Keep following the curves and straight segments until you have traced out this half of the course. Electrical tape is forgiving: if you make a mistake, you can carefully pull it off of the posterboard and try again.

Step 4: Finish the ends.

Cut off the end of the tape. To make the line go cleanly to the end of the sheet, tuck the last inch or so under the posterboard:

Step 5: Apply tape to the other sheet.

You should be able to create the line on the second sheet of posterboard in the same way as the first. This side of our course has a nice 270° curve that has now taken shape; look at how close the lines get before and after this turn. We are using 6" arcs; if we used smaller dimensions, the lines might be too close for a robot to safely follow.

Step 6: Assemble your course and put a robot on it.

You will probably find it necessary to connect the two halves of the course with masking tape or some kind of clips; otherwise, the sheets will gradually move apart as your robots zoom around the curves.

Your course is now complete! It’s perfect for racing the 3pi robot or your own custom robot based on a QTR sensor array. Example line-following code for the 3pi is included with the Pololu AVR C/C++ Library and discussed in detail in Section 7.a of the Pololu 3pi Robot User’s Guide.

4. Building the Line Maze Course

The maze we will be building in this section is aligned on a 3" grid, so that parallel segments are never closer than 3". This grid is quite small, but it fits the 3pi robot well, and it allows an interesting maze to fit on a single sheet of posterboard. If you want to use a larger grid, you can combine multiple sheets together, just like we did with the line course. You can also use multiple sheets to make more complicated courses, and the sheets can even be rearranged to make a variety of different mazes. At Pololu, our favorite maze is an 8’×8’ course, using a 6" grid, made out of four 4’-square pieces of whiteboard material that can be rearranged to form many different combinations.

The course drawn at right has an important feature: it has no loops. This means that your robot can navigate through the entire course, starting from any point, by following a very simple “left hand on the wall” strategy, where it turns left, if possible, at every intersection. Looped mazes are more complicated, because this simple strategy will often cause the robot to get stuck in an infinite loop or to bypass an important section of the maze. For a robot to navigate a looped maze, it needs to be able to measure its current position accurately enough to determine when it has encountered a loop. This requires precision timing or some kind of wheel encoding, and it adds another level of complexity to the program. We recommend using no loops for your first maze.

For our course, we’ve also been careful to make the total length of the side-paths equal on the right and left sides of the shortest path through the maze. This means that a “left hand” and a “right hand” robot should take about the same amount of time to solve the maze.

Step 2: Pencil the course onto the posterboard sheet.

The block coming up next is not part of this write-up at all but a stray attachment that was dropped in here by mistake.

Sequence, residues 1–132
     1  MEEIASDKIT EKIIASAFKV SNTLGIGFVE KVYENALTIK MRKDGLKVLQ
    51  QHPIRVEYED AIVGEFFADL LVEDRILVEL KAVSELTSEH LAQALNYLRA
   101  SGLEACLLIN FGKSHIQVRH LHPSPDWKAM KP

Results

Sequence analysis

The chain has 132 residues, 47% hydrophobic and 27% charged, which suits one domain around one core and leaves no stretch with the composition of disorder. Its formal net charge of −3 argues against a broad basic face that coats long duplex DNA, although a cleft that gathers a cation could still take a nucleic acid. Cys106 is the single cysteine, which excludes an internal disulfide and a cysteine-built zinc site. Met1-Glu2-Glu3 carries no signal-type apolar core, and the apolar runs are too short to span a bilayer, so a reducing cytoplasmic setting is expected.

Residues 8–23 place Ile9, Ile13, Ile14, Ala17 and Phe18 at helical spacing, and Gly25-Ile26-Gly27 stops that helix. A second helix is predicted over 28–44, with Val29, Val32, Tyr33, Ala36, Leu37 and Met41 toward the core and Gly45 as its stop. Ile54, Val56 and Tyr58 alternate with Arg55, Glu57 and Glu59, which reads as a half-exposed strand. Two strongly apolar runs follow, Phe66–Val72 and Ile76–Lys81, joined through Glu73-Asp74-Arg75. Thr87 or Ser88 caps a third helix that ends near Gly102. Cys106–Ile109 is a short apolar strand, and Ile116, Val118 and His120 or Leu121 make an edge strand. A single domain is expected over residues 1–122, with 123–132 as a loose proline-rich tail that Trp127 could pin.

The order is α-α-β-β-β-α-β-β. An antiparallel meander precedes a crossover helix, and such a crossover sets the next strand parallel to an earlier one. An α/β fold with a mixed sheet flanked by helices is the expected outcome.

Start by marking the edges of the posterboard with 3" tick marks, then using a long straightedge (such as another piece of posterboard) to lightly pencil in the grid. Then, with darker lines, highlight the segments that will become part of the maze.

Step 3: Place electrical tape along each segment of the maze.

Each line segment of the maze should be made with a cleanly-cut piece of electrical tape that stretches 3/8" past the grid point on either side, so that it will be aligned with the segments at right angles to it.

Make each piece as long as possible, overlapping them at the corners and intersections. You’ll need to pay careful attention to the corners so that they come out as clean as possible. Any extra pieces of tape that stick out at incorrect angles could cause a robot to confuse, for example, corners with T-intersections. When debugging your code, you don’t want to worry about whether the robot was confused by the course or just badly programmed, so make it neat!

Cuts should be made at precise right angles. Don’t worry if you cut the tape too short; if you can’t stretch it to fit, you can carefully peel it off and try again with a new piece.

Here’s what the first corner of our maze looks like:

We put a long straight segment in the middle of the maze. After learning the path, an advanced robot could take advantage of this, accelerating briefly to full speed, to finish the maze a fraction of a second faster than a robot with a simpler program. This will give you and your competitors a reason to keep improving your code!

Note that two pieces of tape can overlap to form a four-way crossing, without any ugly cuts at the intersection:

Keep putting down segments of tape until you have completely copied your design.

We use a 3" circle to signify the end of the maze. Since it is so different from the straight lines and corners in the rest of the course, the circle can actually be very difficult to detect. You’ll spend a significant amount of time making your program detect the ending reliably, so make sure that you also spend enough time to make the circle look nice. You could also use a 3" square block to make a simpler ending, but make sure that it doesn’t get too close to the nearby lines.

Your maze is now complete! It’s perfect for the 3pi robot or your own custom robot based on a QTR sensor array. For more information on how to actually program a maze-solving robot, please take a look at Section 8 of the 3pi user’s guide. You might also want to take a look at this maze-solving algorithm presentation (505k pdf) written by customer (and robotics professor) R. Vannoy.